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PA budget impasse hurts film industry

By Ashley Kolumban, Point Park News Service:

Jordan LoNigro won’t be appearing in any more cinematic food fights any time soon.

The movie “Me and Earl and the Dying Girl” was shot in Pittsburgh. James Knox | Trib Total Media
The movie “Me and Earl and the Dying Girl” was shot in Pittsburgh. James Knox | Trib Total Media

After submitting his resume and getting hired as a high school student for the movie, “Me and Earl and the Dying Girl,” he realized that nothing was better than hanging out and throwing food while getting paid. But not long after, his film opportunities dwindled.

“The last thing I did was one scene for a TV show that I was in. It was called ‘Banshee.’ I just did that for one day, and then I was done,” LoNigro said. “That was like summertime.”

Pittsburghers won’t be featured in many movies until the Legislature passes a proposed state tax credit, film industry insiders said.

Gov. Tom Wolf and state lawmakers have failed since June to approve a spending budget, which would include the film credits.

Carl Kurlander, a senior lecturer at the University of Pittsburgh’s Film Studies program, said the area is struggling to attract film productions because of the impasse.

“We are already struggling to have year-round industry, and not having these shows come here is really unfortunate,” said Kurlander, president and CEO of the Steel Town Entertainment Project. Producers of “American Gods,” a Starz television series set to be filmed in Pittsburgh, announced this fall that they would go elsewhere because of the lack of a film tax credit contract in Pennsylvania, said Dawn Keezer, head of the Pittsburgh Film Office.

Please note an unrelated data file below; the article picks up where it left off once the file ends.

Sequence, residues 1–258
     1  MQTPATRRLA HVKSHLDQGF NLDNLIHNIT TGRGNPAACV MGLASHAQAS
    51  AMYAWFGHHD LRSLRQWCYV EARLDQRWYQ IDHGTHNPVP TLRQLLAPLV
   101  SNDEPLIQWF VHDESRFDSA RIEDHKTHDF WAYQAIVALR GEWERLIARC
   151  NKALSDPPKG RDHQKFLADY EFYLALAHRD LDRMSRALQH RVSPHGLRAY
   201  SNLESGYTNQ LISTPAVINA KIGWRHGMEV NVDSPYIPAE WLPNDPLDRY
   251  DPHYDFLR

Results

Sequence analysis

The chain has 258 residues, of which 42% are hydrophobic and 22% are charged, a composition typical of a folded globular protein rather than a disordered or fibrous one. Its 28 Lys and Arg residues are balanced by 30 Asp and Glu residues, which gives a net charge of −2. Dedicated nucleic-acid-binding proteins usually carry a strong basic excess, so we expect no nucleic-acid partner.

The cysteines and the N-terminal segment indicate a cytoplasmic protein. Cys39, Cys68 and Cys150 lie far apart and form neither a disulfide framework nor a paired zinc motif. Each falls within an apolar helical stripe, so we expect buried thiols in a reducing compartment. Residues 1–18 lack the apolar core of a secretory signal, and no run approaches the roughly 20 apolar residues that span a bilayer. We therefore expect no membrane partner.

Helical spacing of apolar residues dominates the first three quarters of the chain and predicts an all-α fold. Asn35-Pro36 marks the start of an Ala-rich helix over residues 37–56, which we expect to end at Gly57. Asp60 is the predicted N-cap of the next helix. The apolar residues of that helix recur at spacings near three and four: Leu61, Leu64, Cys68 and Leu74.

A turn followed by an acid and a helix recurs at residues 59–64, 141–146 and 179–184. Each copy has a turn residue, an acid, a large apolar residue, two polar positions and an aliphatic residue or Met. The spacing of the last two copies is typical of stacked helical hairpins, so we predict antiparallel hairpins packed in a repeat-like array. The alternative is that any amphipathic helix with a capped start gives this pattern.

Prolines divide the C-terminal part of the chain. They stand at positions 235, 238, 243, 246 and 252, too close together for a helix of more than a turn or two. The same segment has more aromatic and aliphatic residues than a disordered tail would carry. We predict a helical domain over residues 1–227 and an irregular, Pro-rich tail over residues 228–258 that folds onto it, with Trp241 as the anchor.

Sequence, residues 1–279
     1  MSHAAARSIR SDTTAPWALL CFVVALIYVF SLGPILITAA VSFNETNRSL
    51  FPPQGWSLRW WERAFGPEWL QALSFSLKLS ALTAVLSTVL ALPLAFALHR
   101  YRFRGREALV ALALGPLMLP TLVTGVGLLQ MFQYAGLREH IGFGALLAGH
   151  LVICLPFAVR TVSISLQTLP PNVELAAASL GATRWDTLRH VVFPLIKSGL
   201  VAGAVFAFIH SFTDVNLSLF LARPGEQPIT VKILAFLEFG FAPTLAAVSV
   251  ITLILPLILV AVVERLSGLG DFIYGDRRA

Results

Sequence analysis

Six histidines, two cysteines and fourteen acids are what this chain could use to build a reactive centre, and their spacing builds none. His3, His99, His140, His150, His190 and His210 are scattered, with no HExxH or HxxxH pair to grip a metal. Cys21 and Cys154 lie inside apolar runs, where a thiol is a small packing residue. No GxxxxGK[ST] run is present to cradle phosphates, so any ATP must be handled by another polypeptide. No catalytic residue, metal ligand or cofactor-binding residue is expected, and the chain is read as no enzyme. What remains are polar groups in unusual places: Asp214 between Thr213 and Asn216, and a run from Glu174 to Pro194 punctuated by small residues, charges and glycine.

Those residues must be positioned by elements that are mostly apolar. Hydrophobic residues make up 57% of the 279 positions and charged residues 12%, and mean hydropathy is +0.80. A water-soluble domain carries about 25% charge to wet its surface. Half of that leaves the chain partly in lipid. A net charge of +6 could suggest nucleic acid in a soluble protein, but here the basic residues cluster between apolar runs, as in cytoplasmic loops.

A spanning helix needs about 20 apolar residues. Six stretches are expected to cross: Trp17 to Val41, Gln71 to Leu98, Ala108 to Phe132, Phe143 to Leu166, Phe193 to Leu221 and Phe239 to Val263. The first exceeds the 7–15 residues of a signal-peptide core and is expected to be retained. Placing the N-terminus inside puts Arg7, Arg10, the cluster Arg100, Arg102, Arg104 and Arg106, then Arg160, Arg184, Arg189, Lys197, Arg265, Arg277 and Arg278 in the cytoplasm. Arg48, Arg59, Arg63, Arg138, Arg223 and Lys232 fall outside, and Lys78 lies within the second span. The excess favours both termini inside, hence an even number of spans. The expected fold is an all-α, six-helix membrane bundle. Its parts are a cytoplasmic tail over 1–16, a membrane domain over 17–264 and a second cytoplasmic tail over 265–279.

“We beat out 10 states for this huge piece of business and lost it because of the ongoing budget impasse,” Keezer said.

Olivia Cooke, Thomas Mann and R.J. Cyler star in ‘Me and Earl and the Dying Girl. Fox Searchlight Pictures.

There are more than $200 million worth of film tax credit applications for Western Pennsylvania projects awaiting approval at the Department of Community and Economic Development, Keezer said. They can’t be signed until there’s a budget. The state awards $60 million in tax credits annually.

“If they do not get something done in Harrisburg by the end of the year, we will lose other major, high-profile, significant pieces of business,” Keezer said.

Alyssa Hanna, production manager at 31st Street Studios in the Strip District, said no jobs at the studio were lost because of the Starz series leaving, but its three employees missed opportunities.

“We’re losing work, and we’re losing business, and we’re losing money, which is just as important,” Hanna said. “All the people that are in the production companies that were supposed to come in, and all these Pittsburghers they were supposed to hire, those are the people who are missing out on all these job opportunities.”

This story appeared in the Tribune-Review: 

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